After losing all faith in the UK, the EU is braced for a no-deal Brexit

The EU is considering categorising a no-deal Brexit as a major natural disaster to allow it to distribute emergency funds to member states. 

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There are no “get ready for Brexit” posters blooming on the continent’s biggest crossroads. But Europe nonetheless seems more ready than the British government, which continues to pretend that a no-deal scenario would not be catastrophic for the UK’s economy.

In preparation for 31 October, French customs have launched a “great rehearsal” — “for a month, we will pretend that Brexit has already happened for most businesses, so that we are ready come the end of October,” minister Gérald Darmanin has explained. France has hired 700 additional customs officers and has developed an “intelligent border”, using technology that allows businesses to declare their goods online and scans barcodes at customs. This move is aimed at easing the transition for about 100,000 French businesses dealing with the UK market, but Darmanin is adamant that “any Brexit, soft or hard, will be difficult for the French and European economies”.

France is not alone in stepping up Brexit preparations: the EU, mindful of the political tumult at Westminster, has no choice but to get ready too. The EU is considering categorising a no-deal Brexit as a major natural disaster (alongside earthquakes and flooding), so as to allow the bloc to distribute emergency funds to member states affected by Brexit’s impact on their economy.

That the UK appears intent on running the risk of a no-deal Brexit, which would depress the EU’s economy along with its own, is upsetting enough; but in Brussels exasperation mostly flows from the sheer lack of solutions proposed by the UK to avoid the cliff edge. 

“I cannot report any concrete proposals having been made that we have seen,” the EU Commission’s spokesperson Mina Andreeva said in Brussels on Tuesday, adding that a no-deal Brexit remains a “distinct possibility”. Talks are “ongoing,” she said, and the EU and the UK are working on finding alternative arrangements to the Irish backstop — in short, nothing has changed. At the end of her briefing, Andreeva asked: “Anything else that’s not Brexit related?” Her tone was one of exasperation — “I can’t believe we’re still debating this” — a mood that is spreading fast in Brussels.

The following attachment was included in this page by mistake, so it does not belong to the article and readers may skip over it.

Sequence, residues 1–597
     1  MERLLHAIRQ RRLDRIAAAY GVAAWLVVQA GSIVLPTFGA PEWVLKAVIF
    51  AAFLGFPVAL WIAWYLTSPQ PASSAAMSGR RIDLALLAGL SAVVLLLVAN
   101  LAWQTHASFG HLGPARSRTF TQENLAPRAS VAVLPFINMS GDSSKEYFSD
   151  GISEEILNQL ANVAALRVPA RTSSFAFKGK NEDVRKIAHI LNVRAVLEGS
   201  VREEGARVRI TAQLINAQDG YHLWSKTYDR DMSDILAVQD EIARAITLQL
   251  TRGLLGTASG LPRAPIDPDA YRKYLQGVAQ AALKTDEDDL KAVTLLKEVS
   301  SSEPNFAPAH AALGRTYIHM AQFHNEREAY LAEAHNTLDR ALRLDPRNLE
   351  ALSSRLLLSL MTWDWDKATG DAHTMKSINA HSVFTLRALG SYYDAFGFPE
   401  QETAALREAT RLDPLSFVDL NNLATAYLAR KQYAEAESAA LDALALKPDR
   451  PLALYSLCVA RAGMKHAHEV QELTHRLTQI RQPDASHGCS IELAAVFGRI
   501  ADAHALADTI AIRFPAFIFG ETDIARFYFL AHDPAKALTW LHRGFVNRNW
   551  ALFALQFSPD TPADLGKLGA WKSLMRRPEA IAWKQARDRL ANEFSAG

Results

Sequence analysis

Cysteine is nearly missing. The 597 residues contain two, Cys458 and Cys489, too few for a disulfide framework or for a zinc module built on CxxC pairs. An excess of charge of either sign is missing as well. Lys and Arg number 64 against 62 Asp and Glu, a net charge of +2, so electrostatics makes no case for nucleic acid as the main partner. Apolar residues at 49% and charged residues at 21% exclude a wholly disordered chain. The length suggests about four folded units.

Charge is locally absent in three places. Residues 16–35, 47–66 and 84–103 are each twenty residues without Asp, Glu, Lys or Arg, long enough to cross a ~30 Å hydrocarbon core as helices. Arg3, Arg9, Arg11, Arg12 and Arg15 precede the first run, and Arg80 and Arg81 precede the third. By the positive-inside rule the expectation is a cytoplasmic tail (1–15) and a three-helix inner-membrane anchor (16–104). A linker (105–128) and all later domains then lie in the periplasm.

Some may have rightly doubted that the UK would respect Donald Tusk’s plea to “not waste this time” when he granted an extension in March. But no one in the EU could have predicted that the Brexit conundrum would somehow worsen. Boris Johnson’s decision to prorogue parliament, and the ensuing debate over the MPs’ vote against no deal and a possible election, has further thickened the political fog. 

Any further Brexit extension wouldn’t be automatic. Emmanuel Macron has spoken out in favour of maintaining the 31 October deadline and the EU has repeated that an extension would need a “credible purpose”, such as a new referendum or an election, to be considered. Another extension isn’t impossible, merely improbable: but so, until recently, were the prorogation of parliament and an October election.

The EU’s standard response to British divisions has been to remind the UK that the ball is in its court: will it finally agree on what it wants? But with British officials pretending that the process in Brussels is more advanced than it is, a serial liar sitting in No 10 and misleading claims on the effects of no deal being shared by Whitehall, the EU is starting to seriously wonder if Britain isn’t simply taking the bloc for a ride. 

Why would Europeans bother trying to agree with Johnson on a new version of the deal, now that he has lost his parliamentary majority? Why would they even try, since even Michel Barnier’s Telegraph letter, in which he baldly stated that May’s deal includes the “maximum of flexibility” the EU can offer, did not stop Johnson from claiming last night that “we can get a deal, we can remove the backstop”?

The prorogation of parliament and Johnson’s threat to disregard any law passed by MPs to block no deal have prompted fears for the future of British democracy. “If the rationale was to scare the EU into renegotiation by removing parliament as the final obstacle to no-deal Brexit, the UK government has been gravely misled,” the German Bundestag’s foreign affairs committee chair Norbert Roettgen has said. “The executive denying parliament its democratic say at this decisive moment cannot be rewarded by the EU.” 

Luxembourg’s foreign affairs minister Jean Asselborn has said he is “worried” that “the mother of all parliaments” is “in danger of being sidelined”; former Greek prime minister Alexis Tsipras described prorogation as “a sad day for the first modern European parliamentary democracy”; editorials in France and Germany have condemned Boris Johnson as a prime minister who “will do anything to get the UK out of the EU”, including “damaging democracy”

Until now, despite multiple collisions, the EU wanted to believe in the UK’s goodwill, trusting that it would find its way, or at least one way, in the end. This time is over: if British politicians wish to keep holding their Mad Hatter’s tea party, the EU can’t stop them. But it can, and will, be ready when the storm hits.

Pauline Bock is a New Statesman contributing writer based in Brussels. She writes about Brexit, the EU, France and the Macron presidency.